Record Roundup: Election Special
New discs from Ry Cooder, Aimee Mann, Waylon Jennings, and more
By Jim Caligiuri, 12:31PM, Wed. Sep. 19, 2012
Something’s up this fall. There are too many new releases to keep track of, much less listen to. Due in the next month or so are new discs from Iris Dement – her first in 16 years – Tift Merritt, Wanda Jackson, Van Morrison, and a second 2012 disc from Neil Young & Crazy Horse. In the meantime, here’s a few new ones occupying my sound system.
Shortly before his death in 2002, Waylon Jennings went into the studio and recorded 12 songs with just his guitar. Earlier this year, his longtime pedal steel player Robbie Turner took those tapes, added instrumentation from some of Jennings' friends, and the result, Goin’ Down Rockin’, is one of the best country albums of the year. He may have been ill, but his vocals are strong, with “Never Say Die” and the title track sounding like Waylon in his prime.
Aimee Mann’s latest, Charmers, is a near perfect follow-up to 2008’s @#%&*! Smilers. She’s become more comfortable with her pop side; there’s gliding synths and guitar jangle among what’s become her trademark, hook-filled melodies. Playing to the kids, Mann's joined by the Shins' James Mercer for “Living a Lie” while ”Gamma Ray” and the title track are as powerful as she’s ever been.
Following the journey he began with last year’s Pull Up Some Dust & Sit Down, Ry Cooder gets even further into the state of the Union with Election Special. Song titles like “Mutt Romney Blues,” “The Wall Street Part of Town,” and “The 90 and the 9” might appear obvious sentiments and at times are, but Cooder’s urgent spirit is palpable and he sees these overtly political songs as a wake up call to a sleepy nation. It might seem quaint and dated in a decade, but today Election Special rings all the right bells.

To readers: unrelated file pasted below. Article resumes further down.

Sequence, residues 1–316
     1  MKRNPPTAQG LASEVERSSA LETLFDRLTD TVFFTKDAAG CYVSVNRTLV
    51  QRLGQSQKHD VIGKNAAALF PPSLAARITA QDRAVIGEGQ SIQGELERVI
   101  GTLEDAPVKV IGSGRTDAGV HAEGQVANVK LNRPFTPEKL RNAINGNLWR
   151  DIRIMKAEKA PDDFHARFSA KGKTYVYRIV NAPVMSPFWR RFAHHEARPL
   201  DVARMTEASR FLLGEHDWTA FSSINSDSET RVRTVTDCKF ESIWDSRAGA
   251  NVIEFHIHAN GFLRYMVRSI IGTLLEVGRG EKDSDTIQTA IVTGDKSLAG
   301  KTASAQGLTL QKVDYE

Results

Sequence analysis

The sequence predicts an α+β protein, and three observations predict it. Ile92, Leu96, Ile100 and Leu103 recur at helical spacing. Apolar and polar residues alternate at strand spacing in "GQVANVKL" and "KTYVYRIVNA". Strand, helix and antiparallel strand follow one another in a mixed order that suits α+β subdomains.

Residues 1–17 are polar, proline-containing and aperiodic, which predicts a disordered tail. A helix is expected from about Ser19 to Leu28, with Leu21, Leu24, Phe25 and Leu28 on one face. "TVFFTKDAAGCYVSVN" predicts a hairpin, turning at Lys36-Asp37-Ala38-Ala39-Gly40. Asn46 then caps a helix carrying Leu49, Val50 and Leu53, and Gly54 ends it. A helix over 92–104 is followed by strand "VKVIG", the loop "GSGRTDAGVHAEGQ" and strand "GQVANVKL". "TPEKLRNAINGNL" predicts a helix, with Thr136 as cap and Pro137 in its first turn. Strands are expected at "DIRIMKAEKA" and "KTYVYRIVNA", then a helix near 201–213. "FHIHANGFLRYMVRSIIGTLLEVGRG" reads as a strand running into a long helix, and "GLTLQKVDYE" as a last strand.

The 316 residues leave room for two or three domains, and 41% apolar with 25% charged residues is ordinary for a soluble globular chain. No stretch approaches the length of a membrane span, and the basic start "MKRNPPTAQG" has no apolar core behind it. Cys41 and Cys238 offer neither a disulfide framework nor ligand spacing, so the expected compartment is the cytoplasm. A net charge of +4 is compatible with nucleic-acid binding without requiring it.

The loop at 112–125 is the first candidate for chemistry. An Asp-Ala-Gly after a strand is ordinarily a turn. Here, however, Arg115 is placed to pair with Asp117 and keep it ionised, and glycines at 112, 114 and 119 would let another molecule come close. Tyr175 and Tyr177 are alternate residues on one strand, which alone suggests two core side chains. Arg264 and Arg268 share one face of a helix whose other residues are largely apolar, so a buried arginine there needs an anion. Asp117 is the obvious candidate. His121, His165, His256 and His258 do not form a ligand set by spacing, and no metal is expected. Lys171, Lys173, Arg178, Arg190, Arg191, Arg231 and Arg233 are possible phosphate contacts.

The Time Jumpers are Nashville’s equivalent to Austin’s Heybale!: serious players who get together on a weekly basis to perform country and swing standards for the sheer enjoyment of it. Vince Gill is the most recognizable of the band’s members, which includes studio pros Dennis Crouch, Paul Franklin, and Joe Spivey. Their self-titled studio debut is highlighted by five Gill originals that are a comfortable fit among the traditional sounds of “Ridin’ on the Rio” and “Texas on a Saturday Night.”
He never lived up to the “New Dylan” tag attached to him in 1978. Steve Forbert didn’t want it anyway. Some have called his latest, Over With You, a modern Blood On the Tracks, and its 10 songs indeed concern love and relationships, but he does so in a manner that’s mature yet without the mysterious figures of speech. Ben Sollee and Ben Harper guest on a disc that Forbert’s fan will find reminiscent of his finest work, workmanlike roots music with unexpected lyrical stingers strewn throughout.
Chris Knight is no stranger to Central Texas, where he’s developed quite a following with a brand of heartland rock that places him somewhere between Steve Earle and John Prine. Little Victories is the Kentucky native’s first album of new songs in four years and it’s typical of his past work: lyrically blunt, musically hard-hitting. Knight’s songs of rural life during the Great Recession, like “Low Down Ramblin’ Blues” and the title track, are among the brawniest electric folk tunes you’ll hear this year.